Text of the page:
Performing mathematical functions in VB.NET

Irina Medvinskaya shows you a simple way of working with math-related functions in VB.NET.

Visual Studio .NET provides an easy way of performing mathematical functions, such as addition, subtraction, multiplication, division, exponentiation, integer division, and finding a remainder. For all other tasks, you can utilize the System.Math class. In this tip, I will look at a simple way of working with math-related functions in VB.NET.

Basic mathematical operations

.NET offers common operators to facilitate the basic mathematical functions, such as:

  • Addition (+)
  • Subtraction (-)
  • Multiplication (*)
  • Division (/)
  • Exponentiation (^)
  • Integer Division (\)
  • Finding the remainder (Mod)

However, for other operations, you can use the methods available in the System.Math class.

System.Math class members

Some of the members of the System.Math class include the following:

  • Trigonometric functions (Sin, Cos, Tan, etc)
  • Logarithmic functions (Log and Log10)
  • Constants (PI and E)
  • Power functions (Exp, Pow, and Sqrt)
  • Boundary functions (Floor, Ceiling)
  • Comparative functions (Max, Min)
  • Sign-related functions (Abs)


    Private Sub PerformMathFunctions()

        Dim i As Integer

        i = Math.Pow(2, 3)

        i = Math.Sqrt(16)

        i = Math.Round(5.34444)

    End Sub

How it works

First, I define an integer type variable i. Then, I assign the value of 2 taken to the third power and display the result in the message box (the value displayed is 8). The value of i is then set to the value of the square root of 16, and its value is displayed in the message box (the value displayed is 4). And finally, I set the value of the variable i to the result of rounding the number 5.34444 and show the result in the message box (the value displayed is 5).

Miss a tip?

Check out the Visual Basic archive, and catch up on the most recent editions of Irina Medvinskaya's column.

Advance your scripting skills to the next level with TechRepublic's free Visual Basic newsletter, delivered each Friday. Automatically sign up today!


hi i am suganya i want calculate mess fees in project but the data's retrive from another on table plzzzzzzzzzz help me


In VB6 I do this: Dim A A = 1000 * 1024 MsgBox A This does not work as it complains about line 2 when it runs! Is it the same in VB.Net and why does it do it?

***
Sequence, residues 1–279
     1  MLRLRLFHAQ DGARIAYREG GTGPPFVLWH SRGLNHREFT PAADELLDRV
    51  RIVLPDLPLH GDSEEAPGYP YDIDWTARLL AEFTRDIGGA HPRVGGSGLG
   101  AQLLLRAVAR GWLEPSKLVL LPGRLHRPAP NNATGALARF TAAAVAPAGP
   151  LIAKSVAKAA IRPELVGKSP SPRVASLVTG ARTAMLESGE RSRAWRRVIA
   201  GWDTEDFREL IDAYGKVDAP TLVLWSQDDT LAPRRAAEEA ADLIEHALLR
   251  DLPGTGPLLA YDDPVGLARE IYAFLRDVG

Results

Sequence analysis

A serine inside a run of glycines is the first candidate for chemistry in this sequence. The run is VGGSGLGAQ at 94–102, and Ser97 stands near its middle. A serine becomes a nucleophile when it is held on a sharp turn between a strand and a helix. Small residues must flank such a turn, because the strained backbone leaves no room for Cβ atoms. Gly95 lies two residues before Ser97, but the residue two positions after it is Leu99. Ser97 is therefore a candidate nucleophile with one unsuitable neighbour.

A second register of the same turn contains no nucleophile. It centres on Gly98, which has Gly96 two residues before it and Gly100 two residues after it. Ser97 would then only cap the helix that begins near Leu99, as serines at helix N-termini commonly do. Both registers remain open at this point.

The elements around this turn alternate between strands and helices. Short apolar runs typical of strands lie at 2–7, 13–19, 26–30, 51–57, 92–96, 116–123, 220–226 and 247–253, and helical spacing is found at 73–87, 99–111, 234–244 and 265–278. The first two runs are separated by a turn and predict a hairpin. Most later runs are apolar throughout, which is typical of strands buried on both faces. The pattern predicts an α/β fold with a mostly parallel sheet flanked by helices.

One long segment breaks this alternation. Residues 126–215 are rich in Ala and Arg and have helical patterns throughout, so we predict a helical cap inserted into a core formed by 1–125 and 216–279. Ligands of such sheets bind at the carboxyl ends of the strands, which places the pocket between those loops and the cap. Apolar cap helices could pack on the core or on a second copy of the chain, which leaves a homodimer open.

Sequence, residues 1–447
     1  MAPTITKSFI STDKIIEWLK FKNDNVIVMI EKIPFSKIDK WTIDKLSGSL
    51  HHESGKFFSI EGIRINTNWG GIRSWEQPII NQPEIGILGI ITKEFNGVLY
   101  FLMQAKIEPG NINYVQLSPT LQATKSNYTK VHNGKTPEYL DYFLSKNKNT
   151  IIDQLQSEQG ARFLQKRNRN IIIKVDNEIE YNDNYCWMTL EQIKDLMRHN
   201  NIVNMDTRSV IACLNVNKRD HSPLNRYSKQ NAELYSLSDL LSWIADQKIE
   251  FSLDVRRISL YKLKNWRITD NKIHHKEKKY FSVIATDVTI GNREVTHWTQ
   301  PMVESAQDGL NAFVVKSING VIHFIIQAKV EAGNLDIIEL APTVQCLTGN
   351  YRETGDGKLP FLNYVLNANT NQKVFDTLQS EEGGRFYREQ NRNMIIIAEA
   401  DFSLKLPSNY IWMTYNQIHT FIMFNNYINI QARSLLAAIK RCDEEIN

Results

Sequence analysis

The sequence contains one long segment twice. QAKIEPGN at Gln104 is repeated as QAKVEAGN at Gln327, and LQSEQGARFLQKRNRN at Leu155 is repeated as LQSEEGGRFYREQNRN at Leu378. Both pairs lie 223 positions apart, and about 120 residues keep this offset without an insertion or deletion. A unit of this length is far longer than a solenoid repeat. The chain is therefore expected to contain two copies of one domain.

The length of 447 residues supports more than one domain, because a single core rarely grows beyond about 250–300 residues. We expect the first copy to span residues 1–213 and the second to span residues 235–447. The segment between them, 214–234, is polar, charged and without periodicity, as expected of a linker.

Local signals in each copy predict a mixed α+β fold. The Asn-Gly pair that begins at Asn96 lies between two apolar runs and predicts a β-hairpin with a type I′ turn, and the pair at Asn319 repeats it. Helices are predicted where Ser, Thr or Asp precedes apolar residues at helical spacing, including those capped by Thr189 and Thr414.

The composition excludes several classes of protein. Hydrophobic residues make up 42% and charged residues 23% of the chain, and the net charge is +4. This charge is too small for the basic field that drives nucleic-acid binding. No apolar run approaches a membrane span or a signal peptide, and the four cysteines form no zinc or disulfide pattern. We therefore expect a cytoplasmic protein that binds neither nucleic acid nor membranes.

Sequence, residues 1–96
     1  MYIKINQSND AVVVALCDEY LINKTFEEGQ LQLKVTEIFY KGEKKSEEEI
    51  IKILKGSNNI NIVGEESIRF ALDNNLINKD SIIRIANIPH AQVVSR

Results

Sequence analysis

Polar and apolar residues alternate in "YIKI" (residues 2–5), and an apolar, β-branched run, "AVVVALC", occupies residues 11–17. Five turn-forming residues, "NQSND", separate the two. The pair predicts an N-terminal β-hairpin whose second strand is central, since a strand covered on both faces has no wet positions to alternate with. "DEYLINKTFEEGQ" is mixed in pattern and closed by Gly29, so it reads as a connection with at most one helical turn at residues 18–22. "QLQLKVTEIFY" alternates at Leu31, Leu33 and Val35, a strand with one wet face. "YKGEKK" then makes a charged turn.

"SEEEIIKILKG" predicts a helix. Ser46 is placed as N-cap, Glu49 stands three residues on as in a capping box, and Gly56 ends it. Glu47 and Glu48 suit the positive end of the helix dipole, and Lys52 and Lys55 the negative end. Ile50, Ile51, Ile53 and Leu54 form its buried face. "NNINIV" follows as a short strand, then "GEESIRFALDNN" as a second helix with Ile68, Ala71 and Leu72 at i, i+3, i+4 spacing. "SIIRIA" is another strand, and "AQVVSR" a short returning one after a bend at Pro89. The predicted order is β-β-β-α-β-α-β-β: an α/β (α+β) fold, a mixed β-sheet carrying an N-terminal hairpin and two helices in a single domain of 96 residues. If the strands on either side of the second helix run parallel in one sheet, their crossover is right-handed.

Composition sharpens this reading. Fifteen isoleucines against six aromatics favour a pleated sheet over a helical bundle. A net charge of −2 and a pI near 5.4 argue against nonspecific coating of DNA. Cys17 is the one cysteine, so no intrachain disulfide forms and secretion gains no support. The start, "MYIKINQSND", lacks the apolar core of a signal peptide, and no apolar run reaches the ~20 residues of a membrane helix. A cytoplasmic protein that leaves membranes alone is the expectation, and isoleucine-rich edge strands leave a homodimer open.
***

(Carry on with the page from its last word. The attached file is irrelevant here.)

From the MSDN Visual Studio 6 Help concerning the Error 6 Overflow that you're probably getting: ---------------------- Overflow (Error 6) An overflow results when you try to make an assignment that exceeds the limitations of the target of the assignment. This error has the following causes and solutions: The result of an assignment, calculation, ordata type conversion is too large to be represented within the range of values allowed for that type ofvariable. Assign the value to a variable of a type that can hold a larger range of values. An assignment to aproperty exceeds the maximum value the property can accept. Make sure your assignment fits the range for the property to which it is made. You attempt to use a number in a calculation, and that number is coerced into an integer, but the result is larger than an integer. For example: Dim x As Long x = 2000 * 365 ' Error: Overflow To work around this situation, type the number, like this: Dim x As Long x = CLng(2000) * 365 ----------------------------- When you simply declare A, it's a Variant by default. When you multiply 1000 and 1024, both numbers are integers so A gets coerced into an Integer too. But the product of 1000 and 1024 is too big to fit into an Integer, so you get the overflow. By converting 1000 to a Long, A now gets coerced into a Long which is big enough to handle the product. Also works if you convert 1024 instead of 1000 to a Long. In addition, converting either to a Double (CDbl) or a Single (CSng) works. What seems odd, though, is you'd think that if you dimmed A as Long right at the start, everything would be OK, but you still get the overflow. Evidently the coercion to Integer happens regardless of how you dim A. Haven't tried it in VB.NET.

Editor's Picks